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SISALv3: A global speleothem stable isotope and trace element database

SISALv3: A global speleothem stable isotope and trace element database

Preprint available by Kaushal N et al. and members of the SISAL working group, in Earth System Science Data.

"This study was conducted by SISAL (Speleothem Isotopes Synthesis and Analysis), a working group of the Past Global Changes (PAGES) project. In this framework, we received financial support from the Swiss Academy of Sciences and the Chinese Academy of Sciences. The design and construction of the SISALv3 database were supported financially by a PAGES Data Stewardship Scholarship to F. Lechleitner and N. Kaushal (DSS-108). We also acknowledge funding by PAGES, the 400 Minerva Stiftung (grant 3063000253), and the Institute of Earth Sciences at the Hebrew University Jerusalem (Israel) for supporting the organisation of a workshop to kickstart the initiative."

In their paper, the authors acknowledge the value of speleothems "with their precise chronologies, widespread distribution, and ability to record changes in local to regional hydroclimate variability" as an ideal source of information to close a critical research gap on high-quality reconstructions of past hydroclimate.

The authors present the most updated version of the SIAL database (SISALv3) which now includes trace element ratios and Sr-isotopes as additional, hydroclimate-sensitive geochemical proxies. The oxygen and carbon isotope data available in versions 1 and 2 have been substantially expanded. In addition, the database contains speleothem data from 364 sites from across the globe, including records of:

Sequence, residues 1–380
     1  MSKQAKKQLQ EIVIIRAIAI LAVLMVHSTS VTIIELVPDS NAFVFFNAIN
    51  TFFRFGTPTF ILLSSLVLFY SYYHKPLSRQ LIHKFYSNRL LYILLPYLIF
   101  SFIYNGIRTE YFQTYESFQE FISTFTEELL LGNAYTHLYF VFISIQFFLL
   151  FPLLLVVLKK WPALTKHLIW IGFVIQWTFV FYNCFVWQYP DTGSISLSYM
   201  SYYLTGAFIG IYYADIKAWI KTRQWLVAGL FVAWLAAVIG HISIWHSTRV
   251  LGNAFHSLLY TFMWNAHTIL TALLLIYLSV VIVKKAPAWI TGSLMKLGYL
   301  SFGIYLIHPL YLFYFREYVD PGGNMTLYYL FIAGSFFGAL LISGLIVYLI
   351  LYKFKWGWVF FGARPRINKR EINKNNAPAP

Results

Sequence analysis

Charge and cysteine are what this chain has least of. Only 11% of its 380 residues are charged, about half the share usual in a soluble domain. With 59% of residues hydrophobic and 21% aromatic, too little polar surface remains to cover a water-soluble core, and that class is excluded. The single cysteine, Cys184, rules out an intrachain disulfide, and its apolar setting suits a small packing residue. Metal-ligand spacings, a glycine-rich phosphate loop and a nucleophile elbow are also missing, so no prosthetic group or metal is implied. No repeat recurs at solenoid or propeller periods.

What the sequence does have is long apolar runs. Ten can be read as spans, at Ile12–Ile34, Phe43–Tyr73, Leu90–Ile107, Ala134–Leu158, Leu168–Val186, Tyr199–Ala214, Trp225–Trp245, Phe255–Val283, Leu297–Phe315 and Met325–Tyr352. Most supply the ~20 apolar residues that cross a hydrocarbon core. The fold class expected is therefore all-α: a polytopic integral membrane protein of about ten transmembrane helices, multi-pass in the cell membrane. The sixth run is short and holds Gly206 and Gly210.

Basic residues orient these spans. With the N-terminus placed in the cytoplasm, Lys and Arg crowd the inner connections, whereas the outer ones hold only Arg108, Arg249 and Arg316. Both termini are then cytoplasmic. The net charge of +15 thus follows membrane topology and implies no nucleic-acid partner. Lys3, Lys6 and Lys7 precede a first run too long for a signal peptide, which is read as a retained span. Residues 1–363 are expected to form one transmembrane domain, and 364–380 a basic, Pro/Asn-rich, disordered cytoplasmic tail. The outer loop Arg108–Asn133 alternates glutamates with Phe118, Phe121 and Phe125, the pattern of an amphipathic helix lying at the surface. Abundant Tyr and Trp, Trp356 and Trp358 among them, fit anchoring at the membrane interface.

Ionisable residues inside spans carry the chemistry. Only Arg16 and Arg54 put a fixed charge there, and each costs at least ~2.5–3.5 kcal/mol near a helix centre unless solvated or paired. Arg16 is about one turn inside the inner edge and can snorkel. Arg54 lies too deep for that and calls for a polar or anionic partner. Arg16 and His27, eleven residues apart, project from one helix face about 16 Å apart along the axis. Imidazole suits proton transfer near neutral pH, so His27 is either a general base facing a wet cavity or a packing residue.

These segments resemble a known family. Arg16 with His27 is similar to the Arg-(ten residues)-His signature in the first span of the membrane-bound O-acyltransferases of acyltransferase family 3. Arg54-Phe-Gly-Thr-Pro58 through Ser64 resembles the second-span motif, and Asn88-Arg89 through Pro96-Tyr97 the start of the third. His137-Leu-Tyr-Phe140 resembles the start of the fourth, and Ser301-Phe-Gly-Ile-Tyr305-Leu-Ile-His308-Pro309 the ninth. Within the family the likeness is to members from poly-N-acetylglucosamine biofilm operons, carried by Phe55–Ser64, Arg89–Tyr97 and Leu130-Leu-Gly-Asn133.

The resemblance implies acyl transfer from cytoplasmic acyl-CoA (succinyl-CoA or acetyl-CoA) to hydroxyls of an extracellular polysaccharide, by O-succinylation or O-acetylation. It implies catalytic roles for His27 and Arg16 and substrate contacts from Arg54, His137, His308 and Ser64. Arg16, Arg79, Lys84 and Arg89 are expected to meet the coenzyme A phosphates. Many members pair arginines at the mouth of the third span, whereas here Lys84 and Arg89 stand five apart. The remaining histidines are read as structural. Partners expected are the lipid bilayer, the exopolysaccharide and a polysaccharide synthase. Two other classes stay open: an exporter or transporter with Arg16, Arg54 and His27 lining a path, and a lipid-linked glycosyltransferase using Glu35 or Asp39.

94 Mg/Ca
83 Sr/Ca
51 Ba/Ca
25 U/Ca
29 P/Ca 70
14 Sr-isotope

There have also been a number of other expansions and additions made to the database, as well as improvements to user-friendliness, making it easier to filter data.  

The authors maintain that this version of the database "constitutes a unique resource of speleothem paleoclimate information that allows regional-to-global paleoclimate analyses based on multiple geochemical proxies, allowing more robust interpretations of past 75 hydroclimate and comparisons with isotope-enabled climate models and other earth system and hydrological models." 

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